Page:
Experience is a masterful teacher. Where do we gain our skills and knowledge?

Job experience is important; no one becomes a leader overnight and the skills we develop are crucial in advancing in a career. However, there’s far more to experience than simply the years on your resume or the specific areas you have worked in. Work experience is gained both inside and outside the office.

 

Underestimating our experience is a trap we can fall into.  Research shows, women in particular are less likely to self-promote or self-advocate, and are more likely to suffer from a confidence gap than our male counterparts. It can be especially daunting when we find job ads with strings of requirements and constantly see people talking up their expertise on social media platforms.

That’s why it’s worth taking a step back and looking at the whole range of experience you do have, and from there, building confidence that it will carry through to your leadership.

Move to soft skills

 

If you’ve been for or conducted a job interview lately, you’ve probably encountered behavioural based questions, such as “tell me about a time you had to…”. These types of questions are designed to highlight the depth of your experience and draw out how you’ve applied ‘soft skills’ in previous situations.

 

Employers aim to discover your level of Emotional Intelligence (EQ). Thankfully, over the last few years, EQ – which includes things like self-awareness, self-regulation and empathy – has become recognised as essential in a workplace that is constantly changing. In fact, it’s predicted that soft skills will be even more in demand post-pandemic as we adapt.

 

Soft skills are an essential component in a healthy team and the basis for great leadership. Developing them is a primary focus of our leadership training courses. Alongside other transferrable skills, they can be carried across to any role, making them as or even more important, than the job-specific skills you have gained.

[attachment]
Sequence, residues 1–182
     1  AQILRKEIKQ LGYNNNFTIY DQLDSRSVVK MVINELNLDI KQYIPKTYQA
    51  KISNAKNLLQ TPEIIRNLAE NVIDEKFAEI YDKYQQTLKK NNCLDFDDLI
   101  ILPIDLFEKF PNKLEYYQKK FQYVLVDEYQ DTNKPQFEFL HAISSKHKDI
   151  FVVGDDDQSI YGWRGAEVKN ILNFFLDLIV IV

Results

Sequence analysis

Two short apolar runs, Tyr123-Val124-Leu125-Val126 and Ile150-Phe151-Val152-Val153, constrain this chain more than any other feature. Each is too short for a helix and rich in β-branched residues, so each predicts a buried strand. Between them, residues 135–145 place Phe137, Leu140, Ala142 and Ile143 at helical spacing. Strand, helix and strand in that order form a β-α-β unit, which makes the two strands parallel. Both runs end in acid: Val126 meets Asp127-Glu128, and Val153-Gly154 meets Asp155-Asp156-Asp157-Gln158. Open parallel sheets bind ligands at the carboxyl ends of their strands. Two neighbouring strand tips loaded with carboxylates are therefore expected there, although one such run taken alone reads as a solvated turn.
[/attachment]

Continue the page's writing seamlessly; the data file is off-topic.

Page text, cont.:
Where we gain experience outside work

 

Soft skills are often developed outside the office environment.  Think of the many roles in our lives that help us gain experience and develop leadership skills outside the office. These include:

 

  • Parental or caring responsibilities

There’s nothing like caring for someone else to provide you with experience in patience, ingenuity, juggling tasks and relating to others. Just to name a few!

There was a time when parental or carer’s leave was considered a ‘gap’ on your CV, however the tide is turning and now people are starting to include the skills and experience they’ve gained.

 

  • Dealing with tough times

Unfortunately, many have been left unemployed by the pandemic. Those who have been impacted may understandably be worried that this will be a negative period of their experience in the future – and may try to act like it never happened. However, the resilience from dealing with an experience such as this is an excellent skill for any job. And, there may be opportunities to upskill or make a change.

 

Even for those who have been fortunate enough to keep their jobs, there’s been a lot of change in the way we operate. Many of us have likely gained new skills and experience from the pandemic, like flexibility and using new technologies.

 

  • Volunteering or participating in community activities

Volunteering and participation in community teaches us compassion and empathy, teamwork and a lot more.

 

Community activities don’t have to be visibly organising events, but just working behind the scenes to help others; checking in on neighbours, doing grocery runs for those who are at risk and standing up for others.

 

What have you gained your most valuable experience? Let me know in the comments.

For more information or to register for our free upcoming Wholistic Leadership webinar, shoot us an email info@lepd.com.au

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